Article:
Mazda Says New SkyActive 3 Engines Will Be As Clean As Electric Cars

Mazda has made its reputation as an innovator in internal combustion engine technology. Way back when, it glommed on to the Wankel engine and made it work when nobody else could. That led to a mini-boom in rotary powered vehicles, including a pickup truck, family cars, and the utterly divine Mazda Cosmo sports coupe that was way ahead of its time and the precursor to the iconic Mazda RX-7. I autocrossed an RX-7 — a black GSL-SE beauty — for many years. I still remember the sound of that rotary engine screaming to red line and digging hard for more.

The luster of the rotary engine has faded, but Mazda has kept its engineers busy designing ever more efficient internal combustion engines. It has made an alliance with Toyota — if the bigger company will share its hybrid and electric car technology with Mazda, the smaller company will share its ICE technology with its big brother. That way, both companies get a competitive edge without a duplication of effort.

Recently,¬†Mitsuo Hitomi, Mazda’s managing executive officer in charge of powertrain development, announced his company is working on new internal combustion technology that will equal electric cars in well to wheel carbon emissions. It will be called SkyActive 3 and will follow close on the heels of the SkyActive X engine that has just been unveiled. The X specification is a gasoline engine with many of the characteristics of a diesel, including better fuel efficiency but with lower emissions.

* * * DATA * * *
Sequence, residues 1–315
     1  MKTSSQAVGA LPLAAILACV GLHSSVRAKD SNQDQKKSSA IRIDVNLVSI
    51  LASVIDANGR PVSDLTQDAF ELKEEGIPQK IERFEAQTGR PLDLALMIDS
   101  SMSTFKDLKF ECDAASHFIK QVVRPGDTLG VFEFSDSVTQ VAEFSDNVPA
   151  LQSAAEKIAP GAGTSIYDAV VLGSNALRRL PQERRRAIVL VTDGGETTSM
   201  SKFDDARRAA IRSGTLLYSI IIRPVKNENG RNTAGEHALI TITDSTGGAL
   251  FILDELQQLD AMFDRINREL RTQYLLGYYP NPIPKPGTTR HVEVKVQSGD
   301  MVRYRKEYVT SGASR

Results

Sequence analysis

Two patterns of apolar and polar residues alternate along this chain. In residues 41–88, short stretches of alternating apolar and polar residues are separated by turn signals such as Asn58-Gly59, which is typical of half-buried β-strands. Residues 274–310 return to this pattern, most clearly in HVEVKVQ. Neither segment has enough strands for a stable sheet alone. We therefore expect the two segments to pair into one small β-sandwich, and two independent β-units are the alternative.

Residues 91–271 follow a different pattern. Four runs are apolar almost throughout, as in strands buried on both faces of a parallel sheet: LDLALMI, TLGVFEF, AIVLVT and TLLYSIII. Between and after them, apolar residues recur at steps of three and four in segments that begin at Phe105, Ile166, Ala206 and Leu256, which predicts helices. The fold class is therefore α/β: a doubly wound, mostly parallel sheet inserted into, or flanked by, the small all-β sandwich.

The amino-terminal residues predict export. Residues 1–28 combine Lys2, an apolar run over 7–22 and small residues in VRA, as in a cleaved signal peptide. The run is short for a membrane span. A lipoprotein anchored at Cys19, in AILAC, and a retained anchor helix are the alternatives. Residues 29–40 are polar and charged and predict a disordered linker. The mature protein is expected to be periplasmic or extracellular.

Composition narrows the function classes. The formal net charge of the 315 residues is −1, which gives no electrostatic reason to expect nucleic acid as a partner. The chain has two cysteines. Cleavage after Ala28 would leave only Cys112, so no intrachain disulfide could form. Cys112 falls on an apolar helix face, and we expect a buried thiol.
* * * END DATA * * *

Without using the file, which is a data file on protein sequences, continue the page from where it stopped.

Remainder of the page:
The SkyActive 3 engine will be better still. The goal is to improve thermal efficiency by more than 25% over current engines. That would make the new engines 56% efficient and that’s the point at which they become competitive with electric motors, Hitomi says. The comparison to an EV is based on electricity derived from a natural gas-fired generating plant. When computing the well to wheel emissions of a vehicle equipped with a SkyActive 3 engine, Mazda included the emissions associated with the extraction of oil and the refining of gasoline.

Hitomi did not offer a timeline for delivering the Skyactiv-3 technology, but he said it would give the internal combustion engine a much longer lease of life, according to Automotive News. Looks like “boing, boing” will still be a part of the world of wheels quite a bit longer than expected. One can only speculate whether such efficient engines might induce the nations who say they want to ban internal combustion engines to change their minds.

 

Steve Hanley

Closely following the transition from internal combustion to electricity. Whether it's cars, trucks, ships, or airplanes, sustainability is the key. Please follow me on Google + and Twitter.